First came Dunwoody, which snatched up Perimeter Center, arguably the richest square mile of commercial property in metro Atlanta. Then came Brookhaven, which successfully padded its tax rolls with parcels lying far outside its historic neighborhood borders.
Now comes Briarcliff, Tucker, Lavista Hills and, what’s this…Lakeside?
Yes, even as the rest of us were planning vacations or researching summer camps, folks in mid-DeKalb have been busy meeting to discuss how to carve up their swath of the county into the newest batch of cities-to-order. That’s right, the local incorporation craze isn’t over, and, depending on what happens next, it could even pick up steam.
Right now, at least two overlapping cityhood options are in competition with one another, while a third lingers somewhere in the ether. Some proposals are more “official” than others, with non-profit corporations raising tens of thousands of dollars for feasibility studies, as well as their own websites and spokespeople.
In early February, the newly formed Lakeside City Alliance set things in motion by announcing its intent to raise $30,000 to commission a cityhood study from the UGA’s Carl Vinson Institute of Government. The proposed city boundaries include a large scalene triangle (ask your fifth-grader) formed by I-85, North Druid Hills Road and Stone Mountain Freeway, as well as a large chunk of OTP territory stretching from I-85 south to Henderson Park.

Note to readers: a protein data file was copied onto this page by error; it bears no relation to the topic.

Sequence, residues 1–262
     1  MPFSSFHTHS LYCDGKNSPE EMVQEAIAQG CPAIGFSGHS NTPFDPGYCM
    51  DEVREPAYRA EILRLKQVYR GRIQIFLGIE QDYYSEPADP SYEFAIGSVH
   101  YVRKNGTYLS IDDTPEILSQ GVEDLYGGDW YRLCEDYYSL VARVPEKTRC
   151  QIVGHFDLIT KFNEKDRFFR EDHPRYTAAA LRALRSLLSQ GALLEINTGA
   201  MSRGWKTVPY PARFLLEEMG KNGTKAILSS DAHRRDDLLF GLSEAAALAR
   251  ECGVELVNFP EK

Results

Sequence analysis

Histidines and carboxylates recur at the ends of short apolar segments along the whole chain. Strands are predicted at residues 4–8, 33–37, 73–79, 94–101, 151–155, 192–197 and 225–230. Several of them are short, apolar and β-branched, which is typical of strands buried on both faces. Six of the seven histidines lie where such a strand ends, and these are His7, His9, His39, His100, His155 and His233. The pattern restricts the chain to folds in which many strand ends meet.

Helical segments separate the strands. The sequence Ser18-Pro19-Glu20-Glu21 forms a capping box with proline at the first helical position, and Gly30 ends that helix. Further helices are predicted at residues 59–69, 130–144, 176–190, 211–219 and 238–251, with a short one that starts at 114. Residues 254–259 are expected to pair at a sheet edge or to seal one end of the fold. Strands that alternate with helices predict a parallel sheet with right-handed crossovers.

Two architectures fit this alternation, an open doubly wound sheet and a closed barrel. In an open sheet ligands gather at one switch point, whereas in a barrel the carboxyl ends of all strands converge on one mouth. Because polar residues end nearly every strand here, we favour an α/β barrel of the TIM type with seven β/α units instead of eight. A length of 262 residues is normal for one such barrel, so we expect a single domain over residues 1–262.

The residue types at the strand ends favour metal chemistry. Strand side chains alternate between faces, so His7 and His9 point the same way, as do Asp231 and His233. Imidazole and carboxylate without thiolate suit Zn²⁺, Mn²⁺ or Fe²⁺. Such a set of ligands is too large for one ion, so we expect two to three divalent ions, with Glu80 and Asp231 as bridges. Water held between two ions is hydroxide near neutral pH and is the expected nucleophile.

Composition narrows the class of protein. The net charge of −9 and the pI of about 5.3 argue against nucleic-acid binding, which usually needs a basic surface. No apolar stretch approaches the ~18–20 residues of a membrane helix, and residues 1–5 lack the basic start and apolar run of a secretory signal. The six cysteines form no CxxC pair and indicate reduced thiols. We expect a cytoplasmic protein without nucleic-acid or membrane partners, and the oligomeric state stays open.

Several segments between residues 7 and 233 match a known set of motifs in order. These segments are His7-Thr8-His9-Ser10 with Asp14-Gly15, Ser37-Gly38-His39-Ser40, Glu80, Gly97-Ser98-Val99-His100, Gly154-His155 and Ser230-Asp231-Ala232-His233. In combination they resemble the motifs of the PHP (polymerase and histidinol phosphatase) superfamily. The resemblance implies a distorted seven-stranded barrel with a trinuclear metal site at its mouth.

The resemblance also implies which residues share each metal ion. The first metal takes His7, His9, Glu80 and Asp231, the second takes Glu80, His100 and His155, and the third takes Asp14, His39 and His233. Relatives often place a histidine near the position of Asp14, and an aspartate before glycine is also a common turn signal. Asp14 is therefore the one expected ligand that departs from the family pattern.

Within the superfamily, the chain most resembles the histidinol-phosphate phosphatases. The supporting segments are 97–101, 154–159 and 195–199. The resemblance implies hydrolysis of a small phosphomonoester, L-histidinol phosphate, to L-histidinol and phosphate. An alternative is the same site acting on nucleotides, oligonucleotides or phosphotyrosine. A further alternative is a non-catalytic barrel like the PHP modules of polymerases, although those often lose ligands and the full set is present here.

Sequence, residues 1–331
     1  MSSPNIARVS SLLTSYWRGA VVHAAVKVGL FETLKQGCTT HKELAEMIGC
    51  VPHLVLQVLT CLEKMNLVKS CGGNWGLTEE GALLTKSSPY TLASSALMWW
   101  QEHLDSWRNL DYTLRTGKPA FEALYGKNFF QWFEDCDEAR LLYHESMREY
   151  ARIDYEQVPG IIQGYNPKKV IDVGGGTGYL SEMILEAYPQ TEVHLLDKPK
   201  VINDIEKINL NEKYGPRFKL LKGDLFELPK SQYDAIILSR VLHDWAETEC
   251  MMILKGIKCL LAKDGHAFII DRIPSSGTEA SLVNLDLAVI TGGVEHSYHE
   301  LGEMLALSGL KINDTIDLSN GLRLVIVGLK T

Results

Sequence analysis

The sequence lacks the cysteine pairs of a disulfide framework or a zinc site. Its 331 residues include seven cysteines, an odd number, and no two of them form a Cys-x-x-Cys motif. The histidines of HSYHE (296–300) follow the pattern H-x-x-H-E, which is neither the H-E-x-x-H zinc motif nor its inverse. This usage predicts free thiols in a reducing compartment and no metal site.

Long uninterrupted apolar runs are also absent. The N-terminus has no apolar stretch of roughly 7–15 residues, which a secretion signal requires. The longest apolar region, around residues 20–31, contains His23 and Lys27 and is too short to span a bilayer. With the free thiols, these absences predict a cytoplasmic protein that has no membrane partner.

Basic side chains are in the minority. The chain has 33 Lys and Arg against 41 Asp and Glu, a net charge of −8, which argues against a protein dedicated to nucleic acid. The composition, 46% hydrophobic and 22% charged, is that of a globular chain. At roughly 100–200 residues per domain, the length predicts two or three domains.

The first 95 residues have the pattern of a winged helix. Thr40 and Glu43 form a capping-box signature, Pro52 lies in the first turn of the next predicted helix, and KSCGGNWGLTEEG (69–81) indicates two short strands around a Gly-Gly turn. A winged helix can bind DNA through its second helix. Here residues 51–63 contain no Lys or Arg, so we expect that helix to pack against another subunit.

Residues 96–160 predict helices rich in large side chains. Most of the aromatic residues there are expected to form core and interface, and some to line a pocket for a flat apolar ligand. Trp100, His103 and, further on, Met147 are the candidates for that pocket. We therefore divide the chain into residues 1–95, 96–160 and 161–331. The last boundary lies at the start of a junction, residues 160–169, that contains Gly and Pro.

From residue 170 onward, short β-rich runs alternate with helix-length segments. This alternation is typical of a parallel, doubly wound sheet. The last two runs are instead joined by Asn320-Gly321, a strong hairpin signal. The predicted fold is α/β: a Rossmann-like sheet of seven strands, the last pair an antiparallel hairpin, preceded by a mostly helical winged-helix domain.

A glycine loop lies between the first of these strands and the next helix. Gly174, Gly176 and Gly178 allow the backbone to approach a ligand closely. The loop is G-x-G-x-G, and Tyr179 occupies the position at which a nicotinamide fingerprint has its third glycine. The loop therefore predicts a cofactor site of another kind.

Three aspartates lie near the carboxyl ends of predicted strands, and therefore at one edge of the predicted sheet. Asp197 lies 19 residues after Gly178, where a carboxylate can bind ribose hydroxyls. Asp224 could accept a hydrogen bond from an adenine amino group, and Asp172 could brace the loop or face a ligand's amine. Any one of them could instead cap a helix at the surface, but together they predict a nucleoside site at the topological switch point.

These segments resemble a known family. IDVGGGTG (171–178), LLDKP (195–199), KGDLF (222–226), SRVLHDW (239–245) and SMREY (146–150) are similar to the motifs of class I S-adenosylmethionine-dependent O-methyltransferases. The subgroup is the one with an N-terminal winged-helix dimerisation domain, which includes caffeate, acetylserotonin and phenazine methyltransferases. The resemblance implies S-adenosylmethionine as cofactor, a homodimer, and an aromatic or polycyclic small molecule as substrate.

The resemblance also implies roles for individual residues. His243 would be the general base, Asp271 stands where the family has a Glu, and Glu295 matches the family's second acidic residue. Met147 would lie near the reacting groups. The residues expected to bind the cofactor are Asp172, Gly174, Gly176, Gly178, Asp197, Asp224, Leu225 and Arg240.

Then, the City of Tucker Initiative was launched in April by folks in that unincorporated community. Its map would include nearly all of the land outside I-285, south of I-85 and north of Stone Mountain. In May came the City of Briarcliff Initiative, which is looking at the possibility of incorporating the area of mid-DeKalb between the city limits of Atlanta and Decatur, and interstates 85 and 285, and southwest of North Druid Hills Road. Along the way, somebody also floated the concept of a city of Lavista Hills, which would take in all the ITP real estate south of I-85 and north of Decatur.
“There’s a lot of discussion out there and, frankly, I have no idea where it’s going,” says state Sen. Mary Margaret Oliver, D-Decatur.
In her opinion, the creation last year of the city of Brookhaven — approved by a slim margin of 500 votes in a local referendum — served to destabilize the rest of the county. And yet, although Oliver doesn’t believe mid-DeKalb needs any new cities, she has pre-filed city-making legislation in case her constituents decide they, too, want to form their own local governments.
So why are people who are generally happy living in unincorporated DeKalb looking at creating new cities? Here’s one answer: If Dunwoody is Croatia and Brookhaven is Slovenia, you don’t want to end up as Kosovo.
It’s a similar phenomenon to what took place in Fulton County: After the northern end of the county incorporated into Sandy Springs, Milton and Johns Creek, residents in the south formed Chattahoochee Hill County and proposed the city of South Fulton — defeated by voters — in the interest of protecting their own interests in a county with a shrinking tax base.